With the heat index expected to reach 105 degrees today and hot weather expected to continue in your area, PETA is offering lifesaving tips on caring for dogs.
- Keep dogs inside: Unlike humans, dogs can only sweat through their footpads and cool themselves by panting. Soaring temperatures can cause heat stress and be physically damaging or fatal.
- Water and shade: If dogs must be left outside, they should be supplied with ample water and shade, and the shifting sun needs to be taken into account. Where is the animal when you are at work? Even brief periods of direct exposure to the sun during a heat wave can have life-threatening consequences.
- Walk, don't run: In very hot, humid weather, never exercise dogs by cycling while they try to keep up or by running them while you jog. Dogs will collapse before giving up, at which point it may be too late to save them. They can quickly become severely overheated, and an exercise session can turn into a medical emergency.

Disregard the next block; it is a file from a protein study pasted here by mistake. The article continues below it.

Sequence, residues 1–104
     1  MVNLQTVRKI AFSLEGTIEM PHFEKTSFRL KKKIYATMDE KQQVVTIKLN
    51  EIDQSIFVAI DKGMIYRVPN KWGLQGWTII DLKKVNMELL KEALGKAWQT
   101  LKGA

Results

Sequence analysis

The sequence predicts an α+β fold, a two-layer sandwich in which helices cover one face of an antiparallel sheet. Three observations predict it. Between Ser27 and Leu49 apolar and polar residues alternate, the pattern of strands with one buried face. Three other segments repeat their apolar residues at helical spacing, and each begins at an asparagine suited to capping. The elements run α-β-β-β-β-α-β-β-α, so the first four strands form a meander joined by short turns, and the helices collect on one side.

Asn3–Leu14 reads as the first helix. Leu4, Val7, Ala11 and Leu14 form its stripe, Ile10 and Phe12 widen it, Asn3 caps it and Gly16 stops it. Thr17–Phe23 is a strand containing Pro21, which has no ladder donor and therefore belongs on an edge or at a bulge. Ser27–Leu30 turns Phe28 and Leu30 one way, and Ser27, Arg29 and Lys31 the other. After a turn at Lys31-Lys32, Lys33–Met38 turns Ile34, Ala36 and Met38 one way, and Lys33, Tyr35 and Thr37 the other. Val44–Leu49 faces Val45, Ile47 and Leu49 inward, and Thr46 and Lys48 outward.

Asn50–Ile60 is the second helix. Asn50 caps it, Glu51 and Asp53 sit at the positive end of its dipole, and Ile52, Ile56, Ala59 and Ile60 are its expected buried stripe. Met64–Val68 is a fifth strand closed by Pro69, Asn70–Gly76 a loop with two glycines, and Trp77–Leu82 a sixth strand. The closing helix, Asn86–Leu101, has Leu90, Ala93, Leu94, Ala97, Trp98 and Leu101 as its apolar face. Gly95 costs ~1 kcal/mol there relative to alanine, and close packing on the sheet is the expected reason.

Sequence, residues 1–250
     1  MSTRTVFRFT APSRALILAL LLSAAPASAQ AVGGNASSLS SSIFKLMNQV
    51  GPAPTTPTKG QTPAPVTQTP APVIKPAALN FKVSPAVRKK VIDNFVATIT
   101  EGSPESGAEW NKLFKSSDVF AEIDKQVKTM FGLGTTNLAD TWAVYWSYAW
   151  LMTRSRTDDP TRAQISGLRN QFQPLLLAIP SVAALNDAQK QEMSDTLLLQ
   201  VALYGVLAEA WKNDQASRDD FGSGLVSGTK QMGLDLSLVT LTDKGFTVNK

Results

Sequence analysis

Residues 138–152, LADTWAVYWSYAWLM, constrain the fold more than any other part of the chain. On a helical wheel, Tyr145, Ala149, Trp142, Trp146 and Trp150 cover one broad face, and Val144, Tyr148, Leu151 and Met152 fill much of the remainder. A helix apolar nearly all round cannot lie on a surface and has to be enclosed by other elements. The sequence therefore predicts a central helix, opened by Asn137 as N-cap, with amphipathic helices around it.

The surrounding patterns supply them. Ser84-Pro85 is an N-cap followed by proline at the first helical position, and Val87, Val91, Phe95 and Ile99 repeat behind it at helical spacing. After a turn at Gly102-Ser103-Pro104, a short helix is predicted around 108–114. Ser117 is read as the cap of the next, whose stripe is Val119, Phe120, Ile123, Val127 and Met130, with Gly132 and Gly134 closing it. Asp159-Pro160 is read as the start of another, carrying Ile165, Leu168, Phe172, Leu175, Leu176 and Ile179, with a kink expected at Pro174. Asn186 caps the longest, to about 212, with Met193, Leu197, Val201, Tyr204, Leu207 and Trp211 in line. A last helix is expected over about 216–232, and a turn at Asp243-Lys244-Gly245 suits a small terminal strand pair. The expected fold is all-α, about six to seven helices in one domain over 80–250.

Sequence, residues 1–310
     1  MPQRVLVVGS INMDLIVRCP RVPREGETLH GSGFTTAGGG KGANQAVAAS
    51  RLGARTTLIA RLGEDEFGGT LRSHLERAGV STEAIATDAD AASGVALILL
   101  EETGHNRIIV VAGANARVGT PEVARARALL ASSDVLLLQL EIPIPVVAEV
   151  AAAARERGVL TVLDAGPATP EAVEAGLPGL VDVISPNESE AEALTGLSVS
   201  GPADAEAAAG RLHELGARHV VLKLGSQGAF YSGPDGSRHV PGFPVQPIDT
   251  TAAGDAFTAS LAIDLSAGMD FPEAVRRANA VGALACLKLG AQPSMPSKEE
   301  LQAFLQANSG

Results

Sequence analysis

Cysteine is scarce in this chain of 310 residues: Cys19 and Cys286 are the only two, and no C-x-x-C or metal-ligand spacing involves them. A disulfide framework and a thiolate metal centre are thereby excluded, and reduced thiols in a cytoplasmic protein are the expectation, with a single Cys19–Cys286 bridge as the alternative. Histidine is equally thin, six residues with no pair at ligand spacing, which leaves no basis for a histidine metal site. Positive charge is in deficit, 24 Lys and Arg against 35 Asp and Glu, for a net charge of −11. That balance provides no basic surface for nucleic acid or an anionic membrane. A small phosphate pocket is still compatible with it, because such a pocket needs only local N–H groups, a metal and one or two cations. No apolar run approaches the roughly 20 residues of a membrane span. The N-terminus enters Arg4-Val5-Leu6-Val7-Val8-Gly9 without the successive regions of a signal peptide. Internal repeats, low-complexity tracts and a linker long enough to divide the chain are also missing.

- Avoid parked cars: Never leave a dog in a parked car in warm weather, even for short periods with the windows slightly open. Dogs trapped inside parked cars can succumb to heatstroke within minutes—even if the car isn't parked in direct sunlight.
- Hot pavement: Dogs' footpads easily burn on heated asphalt, pavement, and sand. Test the road surface with your hand before walking a dog while the sun is out.
- Pickups: Never transport dogs in the bed of a pickup truck. This practice is dangerous—and illegal in many states and municipalities—because animals can catapult out of the truck bed on a sudden stop or choke if they jump out while they're tied up. During hot weather, dogs' feet and bellies can also get burned on the metal.
- Stay alert and save a life: Keep an eye on all outdoor dogs. Make sure that they have adequate water and shelter. If you see a dog in distress, contact humane authorities right away and give the dog immediate relief by providing water.
"When in doubt, don't leave your dogs out," says PETA Vice President Daphna Nachminovitch. "When heat waves like this strike, it's better to be safe than sorry and keep your animal companions indoors."